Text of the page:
“In the next few growing seasons, even more browse will be available as shrubs continue to grow taller than the height of the snow,” he said via email. “Grass and flowering plants, which big game forage on in summer, are dormant or buried under the snow, so the woody stems of shrubs and trees are an important primary food source for elk and mule deer.”

Nyland said projects undertaken by the Forest Service, Colorado Parks and Wildlife and other partners would improve habitat for elk, mule deer, bighorn sheep and other native wildlife across 45,000 acres over a 10-year period.

Warner said there are five prescribed fire projects planned over the next two to three years along with another five mechanical treatments, where machines are used to thin trees and other vegetation in areas where prescribed fire isn’t an option. The planned projects will probably cover 6,000 to 8,000 acres, Warner said. It is a start, but the Aspen-Sopris Ranger District sprawls across more than 700,000 acres.

Fitzwilliams, who has held his post for nearly 12 years, said the public acceptance of prescribed burns and mechanical treatment has slowly increased during his tenure. He said treatments should occur on a broad landscape scale, not just on a few isolated projects.

“I think we’ve made some headway,” Fitzwilliams said. “When you sit here all summer and deal with smoke from 1,000 miles away, it should make us all realize we can’t avoid this. Let’s figure out how to manage it, even then there’s no guarantees.”


Wildfire cameras around Aspen appear effective but need time to prove worth

Jake Andersen, deputy chief of operations at the Aspen Fire Department, shows off live feeds Wednesday from cameras installed around Pitkin County connected to artificial intelligence that scan for wildfires 24/7.
Jason Auslander / The Aspen Times

An experimental system that monitors the Upper Roaring Fork Valley for wildfires has already detected one fire start and so far proved to be a worthwhile tool, an Aspen fire official said Wednesday.

However, while the system did detect the lightning strike near Lazy Glen at the end of July, passers-by reported the smoke before the warning system because of a glitch, and questions remain about whether the Aspen Fire Department can afford the technology going forward, said Jake Andersen, AFD’s deputy chief of operations.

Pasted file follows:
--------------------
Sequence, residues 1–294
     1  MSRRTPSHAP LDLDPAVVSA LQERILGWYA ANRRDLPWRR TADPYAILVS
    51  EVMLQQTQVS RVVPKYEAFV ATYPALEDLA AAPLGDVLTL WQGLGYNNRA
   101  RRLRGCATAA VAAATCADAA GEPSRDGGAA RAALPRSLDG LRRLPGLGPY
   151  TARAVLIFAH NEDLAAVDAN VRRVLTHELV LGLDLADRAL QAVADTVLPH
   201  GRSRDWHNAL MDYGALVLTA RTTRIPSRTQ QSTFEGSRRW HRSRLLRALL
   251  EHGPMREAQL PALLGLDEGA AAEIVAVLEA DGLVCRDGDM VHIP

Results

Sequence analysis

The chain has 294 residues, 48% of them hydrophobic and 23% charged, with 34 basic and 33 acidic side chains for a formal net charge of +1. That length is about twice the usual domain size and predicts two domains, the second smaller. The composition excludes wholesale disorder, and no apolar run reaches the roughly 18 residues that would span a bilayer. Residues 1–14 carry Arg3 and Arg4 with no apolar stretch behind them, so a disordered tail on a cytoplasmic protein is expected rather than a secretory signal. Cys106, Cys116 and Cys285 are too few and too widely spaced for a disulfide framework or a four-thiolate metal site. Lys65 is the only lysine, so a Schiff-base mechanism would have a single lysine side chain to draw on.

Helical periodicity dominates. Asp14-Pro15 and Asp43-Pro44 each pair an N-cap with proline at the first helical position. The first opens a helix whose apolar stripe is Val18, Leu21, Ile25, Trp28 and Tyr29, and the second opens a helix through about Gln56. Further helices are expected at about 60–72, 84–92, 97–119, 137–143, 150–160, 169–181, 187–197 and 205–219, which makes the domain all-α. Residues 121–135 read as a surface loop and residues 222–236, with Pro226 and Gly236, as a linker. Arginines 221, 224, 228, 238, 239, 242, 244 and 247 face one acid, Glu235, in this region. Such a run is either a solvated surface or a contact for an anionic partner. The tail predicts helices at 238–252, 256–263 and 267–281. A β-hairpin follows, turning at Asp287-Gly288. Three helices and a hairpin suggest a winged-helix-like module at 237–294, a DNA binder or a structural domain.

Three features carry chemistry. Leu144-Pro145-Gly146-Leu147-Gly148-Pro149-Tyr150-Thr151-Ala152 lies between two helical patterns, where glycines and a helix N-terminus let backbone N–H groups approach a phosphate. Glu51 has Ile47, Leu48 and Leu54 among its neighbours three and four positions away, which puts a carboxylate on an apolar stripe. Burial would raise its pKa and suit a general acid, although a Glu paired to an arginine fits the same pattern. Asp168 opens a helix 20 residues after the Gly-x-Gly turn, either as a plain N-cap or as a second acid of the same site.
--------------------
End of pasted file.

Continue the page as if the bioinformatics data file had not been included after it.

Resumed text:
“When this came up, we were like, ‘Of course, why would we not?’” Andersen said. “Think about it — I have four fire lookouts (I can monitor) from my office or from my pocket. I can pull over and check my phone if I get an alert.”

In July, Pitkin County commissioners approved the pilot program that allowed a Silicon Valley-based company called Pano AI to install two cameras each on four communications towers owned by the county. The cameras atop towers on Aspen Mountain, Jackrabbit at Snowmass, the Williams tower near Gerbazdale and on Upper Red Mountain were installed about a month ago.

The cost of the $50,000 project was donated to Aspen Fire by a local Red Mountain homeowner who has been active in local wildfire mitigation efforts.

The cameras provide 360-degree views of the surrounding wilderness every minute and run 24 hours a day, seven days a week until the end of the fire season in October or November. They work mostly during daylight hours because it is a visual-based system, though the cameras would be able to see flames of a fire at night, Andersen said.

Technicians at Pano’s facility in Northern California receive the visual information first and any alerts when the artificial intelligence system detects smoke or fire. Those technicians then verify whether the video has actually spotted a newly started wildfire, and send an alert to Aspen Fire if they determine it is a blaze, he said.

The system did spot a lightning strike-started fire near Lazy Glen at about 3:30 p.m. July 30, but alerts about the fire were delayed in coming from Pano and drivers on Highway 82 spotted the smoke first and called emergency dispatchers, Andersen said. The problem has since been corrected.

That fire was extinguished the next day thanks to rain that followed the lightning.

However, the incident underscores the experimental nature of the program, he said. Pano’s artificial intelligence system needs to continue to learn what smoke looks like in this area so it can continue to make improvements and provide alerts sooner. Once the artificial intelligence learns an area, it can see wildfire starts better than human eyes, Andersen said.

Another benefit provided by the cameras is nearly instantaneous access to pictures of backcountry areas. For example, Andersen said he received a report Tuesday of possible smoke near Buttermilk Ski Area, and was able to pull up a live view and determine no smoke was visible.